Charity Blames Fuel Poverty for Childhood Conditions
By Katie Anderson on January 5, 2012
Discussing a plight affecting millions of households in England and Wales, Save the Children has claimed that childhood conditions such as Asthma may be caused or made worse by fuel poverty.
According to the charity, 45,280 families in Wales are eligible for the Warm Homes Discount, the UK Government’s latest initiative to increase the affordability of energy for homes throughout Britain. The problem highlighted by Save the Children is that many people do not realise they are eligible for the £120 discount, which was designed to help around 800,000 families.
Save the Children also argues that many families simply do not know how to claim the discount, meaning that the problem of fuel poverty is not being effectively tackled by government.
Head of Save the Children in Wales, James Pritchard, said: “It’s unacceptable that so many of Wales’ poorest families who need help heating their homes this winter will get nothing because energy companies have not put up nearly enough money.
“Without this help the choice for parents is stark: cut back on food, get into debt or risk their children’s health because they can’t afford to keep them warm”.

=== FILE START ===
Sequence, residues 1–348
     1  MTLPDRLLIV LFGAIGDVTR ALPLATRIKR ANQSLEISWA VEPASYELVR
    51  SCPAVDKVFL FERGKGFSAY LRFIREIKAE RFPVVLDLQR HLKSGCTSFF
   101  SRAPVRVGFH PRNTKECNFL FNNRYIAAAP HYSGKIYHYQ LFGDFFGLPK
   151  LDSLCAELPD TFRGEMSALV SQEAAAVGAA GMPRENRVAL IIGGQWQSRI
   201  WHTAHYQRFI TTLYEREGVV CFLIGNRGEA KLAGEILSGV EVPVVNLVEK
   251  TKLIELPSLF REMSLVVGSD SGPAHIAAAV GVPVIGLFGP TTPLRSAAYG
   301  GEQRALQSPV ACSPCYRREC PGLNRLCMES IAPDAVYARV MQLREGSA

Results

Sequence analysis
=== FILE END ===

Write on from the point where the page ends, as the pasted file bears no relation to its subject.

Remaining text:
Mr Pritchard makes a compelling argument, but his concerns are likely to fall on deaf ears as the UK Government continues its drive to cut public spending. Energy companies, meanwhile, despite enjoying record annual profits, are hardly forthcoming in providing sufficient help for the most vulnerable households.
A household is deemed fuel poor if it spends 10 per cent or more of its income on energy. Following another economically turbulent year, millions of households in the UK could be described as fuel poor. If Save the Children is right in its assessment of the situation, fuel poverty could be doing far worse damage to children than previously thought; while proving a financial struggle for many parents, the high cost of electricity and gas central heating could be indirectly ruining the health of thousands of children.
Christine McGourty, the Director of Energy UK, which represents energy firms in the country, argued that the Warm Home Discount scheme had been adequately advertised to customers. Mr Pritchard, however, believes the problem is not one of promotion; instead, he believes the initiative has been “massively underfunded”.